Transit service in Saskatoon began January 1st 1913. It was originally known as the Saskatoon Municipal Railway. Approximately 5200 people used the streetcars that day.

The first streetcar left the barn at Avenue C and 25th Street, heading for the Mayfair terminal. The routes were:

  • No. 1, Mayfair – University
  • No. 2, Pleasant Hill to the Exhibition Grounds
  • No. 3, 7th Avenue to 2nd Avenue and 19th Street
  • No. 4, Avenue H

Fares ranged from:

  • 5 cents for adults
  • 3 cents for children
  • 6 adult tickets for 25 cents
  • 8 children’s tickets for 25 cents

Late in 1913 the city purchased six more “double-truck, double-end” streetcars. These proved to be too heavy for the Traffic Bridge, and therefore could only be used on the West side of the river.

In the first year the Saskatoon Municipal Railway carried 3,401,000 passengers; generated gross revenue of $ 158,500; and travelled 640,000 miles, all in a city of approximately 12,000 people.


​Started service to the village of Sutherland


The City traded the too heavy double-truck street cars to the City of Calgary for seven single-truck, singled-end cars.

Wages paid to motormen and conductors with the Saskatoon Municipal Railway in January, 1919:

  • For those with six months service- 40 cents/hr
  • one year service- 42 cents/hr
  • two years service- 46 cents/hr
  • two ½ years service- 50 cents/hr


Streetcar fare jumped from 5 cents per ticket, to 10 cents per ticket or 4 tickets for 25 cents.

On March 3, 1922 streetcar #4 Exhibition missed the turn heading down “Long Hill” toward the Traffic Bridge, and it rolled down the river bank. The operator reported the brakes would not hold. Thankfully there were no fatalities.


First gas bus goes into operation (from Westmount to Armouries, 19th Street to 3rd Avenue)


“Skip Stops” were initiated as a part of the War Effort. The streetcar skipped every other stop as a means to increase efficiency, and reduce energy consumption. Of course, this also meant many passengers had to walk farther to get to their transit stop


Six 36-passenger Brill trolley buses were purchased as a start to modernizing the Transit system in Saskatoon.


  • New Bus Garage completed a final cost of $85,000.00
  • First electric trolley bus introduced, marked the beginning of the end for the streetcars


The Saskatoon Municipal Railway renamed the Saskatoon Transit System


The last streetcar completed its final run. Electric trolley buses serviced the transit system


12 diesel 36 passenger buses were purchased from Canadian Car Company


Four General Motors 50-passenger diesel buses were purchased at a cost of roughly $32,500.00 each


Transit System had 29 trolley coaches and 48 diesel buses


Trolley bus made its final run, standard diesel engine buses now were the norm


23rd Street Transit terminal opened


Saskatoon Transit started operating two experimental “Bio-buses” fuelled by a canola-diesel blend


Saskatoon Transit celebrates 100 years of service


Saskatoon Transit became a mobile art gallery! Riders could view their community in a new way as submissions from local photographers were featured inside buses as part of the Toon’s On Transit Exhibition. Partnered with PAVED Arts, a non-profit, community-based organization, and named after the popular Toon’s Kitchen restaurant that once stood where PAVED Arts has its gallery, Toon’s On Transit focused on exhibiting locally produced art work.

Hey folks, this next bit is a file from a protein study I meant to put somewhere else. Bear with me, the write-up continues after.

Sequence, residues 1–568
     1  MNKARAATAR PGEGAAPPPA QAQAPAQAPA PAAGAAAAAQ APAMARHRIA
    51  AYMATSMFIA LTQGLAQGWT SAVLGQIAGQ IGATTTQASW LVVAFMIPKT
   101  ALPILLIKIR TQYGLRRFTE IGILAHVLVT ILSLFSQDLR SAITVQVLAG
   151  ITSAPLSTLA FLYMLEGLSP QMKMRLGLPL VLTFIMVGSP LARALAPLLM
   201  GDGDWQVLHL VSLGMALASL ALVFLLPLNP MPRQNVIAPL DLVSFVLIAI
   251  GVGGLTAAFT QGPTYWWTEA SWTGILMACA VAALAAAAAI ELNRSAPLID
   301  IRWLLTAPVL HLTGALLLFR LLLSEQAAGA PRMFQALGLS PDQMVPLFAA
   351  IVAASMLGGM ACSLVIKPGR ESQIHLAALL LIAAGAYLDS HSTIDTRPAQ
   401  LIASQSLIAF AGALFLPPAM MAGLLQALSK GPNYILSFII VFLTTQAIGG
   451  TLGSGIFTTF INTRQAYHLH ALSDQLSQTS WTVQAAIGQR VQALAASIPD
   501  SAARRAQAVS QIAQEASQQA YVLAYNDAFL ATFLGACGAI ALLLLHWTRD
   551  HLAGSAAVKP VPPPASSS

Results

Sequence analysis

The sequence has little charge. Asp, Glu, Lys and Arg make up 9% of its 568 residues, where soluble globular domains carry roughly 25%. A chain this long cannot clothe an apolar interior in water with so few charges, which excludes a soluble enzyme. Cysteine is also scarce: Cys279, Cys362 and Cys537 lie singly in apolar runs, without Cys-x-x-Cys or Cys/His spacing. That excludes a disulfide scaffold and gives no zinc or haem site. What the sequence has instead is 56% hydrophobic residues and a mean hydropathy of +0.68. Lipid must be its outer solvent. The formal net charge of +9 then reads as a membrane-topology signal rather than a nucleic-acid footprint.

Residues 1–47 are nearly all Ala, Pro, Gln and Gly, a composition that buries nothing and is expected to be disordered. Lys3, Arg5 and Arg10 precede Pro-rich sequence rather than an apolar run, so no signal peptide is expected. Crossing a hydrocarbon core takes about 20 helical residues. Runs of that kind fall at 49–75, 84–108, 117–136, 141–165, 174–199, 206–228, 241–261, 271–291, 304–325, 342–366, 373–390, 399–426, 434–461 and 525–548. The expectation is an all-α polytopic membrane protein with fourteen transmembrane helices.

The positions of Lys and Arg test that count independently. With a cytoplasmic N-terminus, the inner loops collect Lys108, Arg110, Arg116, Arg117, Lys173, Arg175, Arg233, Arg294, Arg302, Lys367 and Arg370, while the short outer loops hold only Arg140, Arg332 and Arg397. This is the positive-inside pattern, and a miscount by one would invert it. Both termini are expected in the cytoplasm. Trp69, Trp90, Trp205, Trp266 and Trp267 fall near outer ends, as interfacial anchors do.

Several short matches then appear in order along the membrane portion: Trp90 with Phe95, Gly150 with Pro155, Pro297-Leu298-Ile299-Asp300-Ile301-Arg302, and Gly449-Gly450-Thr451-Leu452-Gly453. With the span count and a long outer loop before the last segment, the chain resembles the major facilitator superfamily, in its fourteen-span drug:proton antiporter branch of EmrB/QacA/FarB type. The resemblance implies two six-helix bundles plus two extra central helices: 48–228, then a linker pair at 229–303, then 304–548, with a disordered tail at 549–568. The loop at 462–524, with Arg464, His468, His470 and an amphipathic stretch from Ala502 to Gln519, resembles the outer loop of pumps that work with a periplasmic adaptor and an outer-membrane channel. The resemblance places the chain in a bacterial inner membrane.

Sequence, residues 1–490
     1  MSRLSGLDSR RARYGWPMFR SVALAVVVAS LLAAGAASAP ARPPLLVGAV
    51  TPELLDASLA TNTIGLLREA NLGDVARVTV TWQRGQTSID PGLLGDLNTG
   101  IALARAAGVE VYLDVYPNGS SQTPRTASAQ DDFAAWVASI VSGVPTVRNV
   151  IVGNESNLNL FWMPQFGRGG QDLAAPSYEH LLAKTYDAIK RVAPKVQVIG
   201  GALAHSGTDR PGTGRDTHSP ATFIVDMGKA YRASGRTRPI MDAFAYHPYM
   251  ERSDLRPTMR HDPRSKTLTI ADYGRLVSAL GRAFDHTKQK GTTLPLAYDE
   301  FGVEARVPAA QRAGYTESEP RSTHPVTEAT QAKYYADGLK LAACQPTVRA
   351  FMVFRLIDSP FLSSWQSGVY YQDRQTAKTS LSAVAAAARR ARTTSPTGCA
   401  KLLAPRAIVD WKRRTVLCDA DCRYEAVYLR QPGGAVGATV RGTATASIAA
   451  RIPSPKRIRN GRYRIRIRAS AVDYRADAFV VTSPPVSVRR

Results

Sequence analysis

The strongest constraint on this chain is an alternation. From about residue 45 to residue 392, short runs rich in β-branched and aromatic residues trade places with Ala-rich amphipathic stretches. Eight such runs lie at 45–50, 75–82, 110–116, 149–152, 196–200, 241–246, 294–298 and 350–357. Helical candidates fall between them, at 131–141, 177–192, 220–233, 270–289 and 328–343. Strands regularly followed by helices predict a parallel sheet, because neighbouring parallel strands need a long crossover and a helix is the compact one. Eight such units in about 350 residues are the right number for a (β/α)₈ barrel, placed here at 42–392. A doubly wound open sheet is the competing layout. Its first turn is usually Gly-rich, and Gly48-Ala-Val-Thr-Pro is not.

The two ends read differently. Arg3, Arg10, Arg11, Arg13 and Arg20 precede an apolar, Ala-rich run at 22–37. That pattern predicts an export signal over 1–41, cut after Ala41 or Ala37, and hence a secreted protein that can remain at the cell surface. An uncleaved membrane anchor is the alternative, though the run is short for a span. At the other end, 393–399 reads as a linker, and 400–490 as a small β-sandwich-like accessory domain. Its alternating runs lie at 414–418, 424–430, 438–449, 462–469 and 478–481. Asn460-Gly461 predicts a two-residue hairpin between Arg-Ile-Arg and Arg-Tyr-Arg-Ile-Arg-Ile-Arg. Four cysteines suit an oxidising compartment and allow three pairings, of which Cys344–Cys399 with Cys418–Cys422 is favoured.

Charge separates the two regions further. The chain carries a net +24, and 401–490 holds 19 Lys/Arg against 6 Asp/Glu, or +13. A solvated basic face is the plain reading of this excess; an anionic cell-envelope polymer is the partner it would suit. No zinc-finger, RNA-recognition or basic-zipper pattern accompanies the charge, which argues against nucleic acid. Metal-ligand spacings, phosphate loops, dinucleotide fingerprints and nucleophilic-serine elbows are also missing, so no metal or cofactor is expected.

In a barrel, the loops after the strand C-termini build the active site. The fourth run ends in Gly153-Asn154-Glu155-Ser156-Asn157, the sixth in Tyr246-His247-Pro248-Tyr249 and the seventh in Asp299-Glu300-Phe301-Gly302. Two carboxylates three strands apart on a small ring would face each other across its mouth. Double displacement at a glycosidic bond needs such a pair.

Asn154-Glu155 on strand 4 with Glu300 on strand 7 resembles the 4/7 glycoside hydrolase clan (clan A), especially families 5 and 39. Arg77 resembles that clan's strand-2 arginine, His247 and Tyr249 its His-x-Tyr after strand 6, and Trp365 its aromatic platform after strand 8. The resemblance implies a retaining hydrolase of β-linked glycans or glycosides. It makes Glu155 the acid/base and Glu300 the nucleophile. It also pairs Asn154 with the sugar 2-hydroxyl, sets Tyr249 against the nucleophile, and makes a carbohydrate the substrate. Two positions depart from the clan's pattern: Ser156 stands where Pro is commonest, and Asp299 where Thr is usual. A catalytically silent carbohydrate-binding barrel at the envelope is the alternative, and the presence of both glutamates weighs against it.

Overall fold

In partnership with the Saskatchewan Human Rights Commission, as part of an ongoing effort to increase accessibility and improve customer experiences, Saskatoon Transit announced Automatic Announcements on City buses. This automated service provided a verbal announcement and visual cue of an upcoming bus stop, ensuring that riders do not miss their destination. Additional accessibility features on all new buses include:

  • A front kneeling system which lowers the bus to curb height for devices such as baby strollers;
  • An extendable flip-up ramp to ease boarding of wheelchairs and walkers;
  • Extra-wide entrance areas which make it easier to move on and off  the bus;
  • A mobility area with flip-up seats and floor anchors to secure mobility devices;
  • A light and colour scheme designed to assist visually impaired riders; and
  • Digital signage which displays stop locations and stop requests to ensure hearing impaired riders are aware of important destinations.


Saskatoon Transit launched a real time transit tracking through the third party developers, including Transit App and Google Transit. This provided improved GPS information for bus locations on individual routes throughout Saskatoon. Real time transit tracking allowed for better trip planning, less wait times and fewer missed connections.


Saskatoon Transit launched its Class Trip Program - ClassPass. This program offers free transit service to teachers, students and chaperones traveling throughout the school year until June. The ClassPass programs runs between the hours of 9:00 a.m. and 3:00 p.m. Monday to Friday on any regular transit route. Free transit service not only is the cost of transportation eliminated but helps to educate students about the benefits of using puble transit. Teachers are encouraged to book their class trip two weeks in advance through our online form.

Saskatoon Transit launched the Jingle Bell Express, a pilot holiday route that took shoppers to various malls and shopping destinations throughout Saskatoon. The Jingle Bell Express was designed to limit commute time between malls, eliminate the hassle of parking and allow shoppers to visit multiple shopping destinations as efficiently as possible.